There is Typically an Over-Supply of Good Talent During Downturns

In the last couple months, over 40 million people have lost their jobs in the wake of Coronavirus.  Most of them are really talented people that just happened to be in the wrong place at the wrong time.  Which is great for you!  These people are now looking for new jobs, and there is an undersupply of job openings.  Which means a couple things for you: (i) you should have the “pick of the litter” of resumes to choose from; and (ii) those candidates may be able to work for lower salaries than they would normally have worked, because they need a job.  So, your chance to “land the whale” in terms of great people at a great price will never be better than right now.

There is Typically Less Competition During Downturns

Many undercapitalized companies will not be able to survive an economic downturn.  Which means, instead of competing against 10 major competitors, you may only now be competing against 7 major competitors.  That 30% of revenues is now up for grabs, between you and your other surviving businesses.  If you get an equal share of that, your revenues will rise 30%.  If you aggressively market your business to taken an even bigger share of that, you could position your business to quadruple your revenues, taking the accounts of four companies instead of your one company.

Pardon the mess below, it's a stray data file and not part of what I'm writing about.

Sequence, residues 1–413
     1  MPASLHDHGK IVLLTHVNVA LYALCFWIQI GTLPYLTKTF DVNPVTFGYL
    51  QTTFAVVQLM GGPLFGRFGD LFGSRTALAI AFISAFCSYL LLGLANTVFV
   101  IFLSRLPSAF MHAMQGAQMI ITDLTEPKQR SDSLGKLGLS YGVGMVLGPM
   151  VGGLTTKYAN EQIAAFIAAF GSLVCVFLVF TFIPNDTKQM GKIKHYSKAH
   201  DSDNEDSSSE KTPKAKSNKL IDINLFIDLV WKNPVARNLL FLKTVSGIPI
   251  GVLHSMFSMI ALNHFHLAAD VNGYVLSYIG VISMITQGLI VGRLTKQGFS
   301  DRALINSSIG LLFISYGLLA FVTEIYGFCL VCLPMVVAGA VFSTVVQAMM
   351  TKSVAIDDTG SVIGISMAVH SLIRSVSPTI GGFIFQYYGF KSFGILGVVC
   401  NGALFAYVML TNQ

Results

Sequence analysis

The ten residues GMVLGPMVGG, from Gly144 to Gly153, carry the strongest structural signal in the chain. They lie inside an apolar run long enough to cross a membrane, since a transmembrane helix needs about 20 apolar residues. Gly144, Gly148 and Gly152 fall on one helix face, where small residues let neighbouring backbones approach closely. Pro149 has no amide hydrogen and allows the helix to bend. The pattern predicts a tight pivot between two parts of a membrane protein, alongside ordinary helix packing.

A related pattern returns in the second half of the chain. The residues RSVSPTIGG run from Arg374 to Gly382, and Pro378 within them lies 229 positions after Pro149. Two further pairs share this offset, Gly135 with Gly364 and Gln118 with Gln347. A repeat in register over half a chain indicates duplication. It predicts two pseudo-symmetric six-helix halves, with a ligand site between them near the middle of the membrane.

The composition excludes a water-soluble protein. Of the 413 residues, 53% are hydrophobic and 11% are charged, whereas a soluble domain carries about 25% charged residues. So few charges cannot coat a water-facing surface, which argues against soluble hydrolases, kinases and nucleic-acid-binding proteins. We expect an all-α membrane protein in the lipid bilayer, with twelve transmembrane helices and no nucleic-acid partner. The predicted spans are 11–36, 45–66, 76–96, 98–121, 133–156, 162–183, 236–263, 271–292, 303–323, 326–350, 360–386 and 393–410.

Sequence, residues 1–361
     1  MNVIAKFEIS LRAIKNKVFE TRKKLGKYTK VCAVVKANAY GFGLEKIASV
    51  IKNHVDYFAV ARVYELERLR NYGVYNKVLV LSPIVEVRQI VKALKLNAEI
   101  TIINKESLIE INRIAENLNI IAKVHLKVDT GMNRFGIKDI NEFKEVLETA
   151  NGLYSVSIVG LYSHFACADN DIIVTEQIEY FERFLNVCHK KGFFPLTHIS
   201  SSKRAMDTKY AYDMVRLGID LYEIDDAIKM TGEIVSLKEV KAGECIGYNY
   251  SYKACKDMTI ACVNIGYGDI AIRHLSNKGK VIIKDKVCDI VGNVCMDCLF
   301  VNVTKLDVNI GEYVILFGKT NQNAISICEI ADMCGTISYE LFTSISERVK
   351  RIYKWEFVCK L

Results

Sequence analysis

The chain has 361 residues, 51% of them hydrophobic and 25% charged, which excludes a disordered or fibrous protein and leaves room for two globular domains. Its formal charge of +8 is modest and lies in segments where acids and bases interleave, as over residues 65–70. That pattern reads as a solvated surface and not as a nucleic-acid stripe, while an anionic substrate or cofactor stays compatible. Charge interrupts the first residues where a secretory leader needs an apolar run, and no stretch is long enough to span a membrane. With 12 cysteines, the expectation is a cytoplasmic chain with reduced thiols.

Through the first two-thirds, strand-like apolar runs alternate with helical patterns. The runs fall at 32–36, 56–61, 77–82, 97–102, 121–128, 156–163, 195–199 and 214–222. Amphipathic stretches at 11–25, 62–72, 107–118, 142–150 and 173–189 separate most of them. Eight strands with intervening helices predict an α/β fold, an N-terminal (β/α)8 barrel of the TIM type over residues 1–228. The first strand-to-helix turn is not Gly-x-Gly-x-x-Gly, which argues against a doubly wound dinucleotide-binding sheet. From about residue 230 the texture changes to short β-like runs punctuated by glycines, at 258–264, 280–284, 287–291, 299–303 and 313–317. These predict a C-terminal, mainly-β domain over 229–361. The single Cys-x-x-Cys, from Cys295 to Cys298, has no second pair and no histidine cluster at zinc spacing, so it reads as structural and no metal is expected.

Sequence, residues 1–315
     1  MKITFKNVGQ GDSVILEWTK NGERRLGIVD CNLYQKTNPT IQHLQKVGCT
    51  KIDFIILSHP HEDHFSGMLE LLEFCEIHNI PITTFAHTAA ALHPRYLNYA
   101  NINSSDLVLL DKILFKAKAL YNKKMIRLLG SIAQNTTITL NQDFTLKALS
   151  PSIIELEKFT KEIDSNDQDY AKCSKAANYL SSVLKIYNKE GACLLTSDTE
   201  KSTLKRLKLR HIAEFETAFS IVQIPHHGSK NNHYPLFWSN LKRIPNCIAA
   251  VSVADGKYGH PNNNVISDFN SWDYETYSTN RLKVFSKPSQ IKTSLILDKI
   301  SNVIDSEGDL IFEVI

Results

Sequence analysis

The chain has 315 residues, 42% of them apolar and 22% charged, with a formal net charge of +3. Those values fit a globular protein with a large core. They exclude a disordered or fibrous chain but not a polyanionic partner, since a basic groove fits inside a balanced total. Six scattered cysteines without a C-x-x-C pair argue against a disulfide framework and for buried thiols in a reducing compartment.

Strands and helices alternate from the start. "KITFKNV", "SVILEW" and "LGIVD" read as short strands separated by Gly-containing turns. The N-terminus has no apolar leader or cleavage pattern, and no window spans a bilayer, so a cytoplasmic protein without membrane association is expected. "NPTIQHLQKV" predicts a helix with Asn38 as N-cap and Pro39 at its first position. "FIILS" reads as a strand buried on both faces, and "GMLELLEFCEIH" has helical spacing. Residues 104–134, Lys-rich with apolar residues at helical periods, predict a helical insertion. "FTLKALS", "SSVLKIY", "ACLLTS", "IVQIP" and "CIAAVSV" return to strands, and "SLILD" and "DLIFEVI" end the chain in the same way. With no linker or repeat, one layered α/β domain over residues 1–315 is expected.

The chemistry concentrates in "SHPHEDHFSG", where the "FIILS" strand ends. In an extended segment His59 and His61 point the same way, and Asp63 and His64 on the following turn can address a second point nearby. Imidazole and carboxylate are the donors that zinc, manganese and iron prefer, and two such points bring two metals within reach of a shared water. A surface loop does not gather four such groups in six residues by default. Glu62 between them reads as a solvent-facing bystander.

Advertising Costs are Typically More Affordable During Downturns

The combination of companies going out of business and companies cutting their marketing efforts during downturns means, you should be able to see materially better returns on your marketing spend during downturns.  I know that is true for my Restaurant Furniture Plus portfolio company; that business has seen its cost of acquiring a new customer cut in half in the wake of Coronavirus.  Which means on the same marketing spend, I should be able to convert twice as many customers!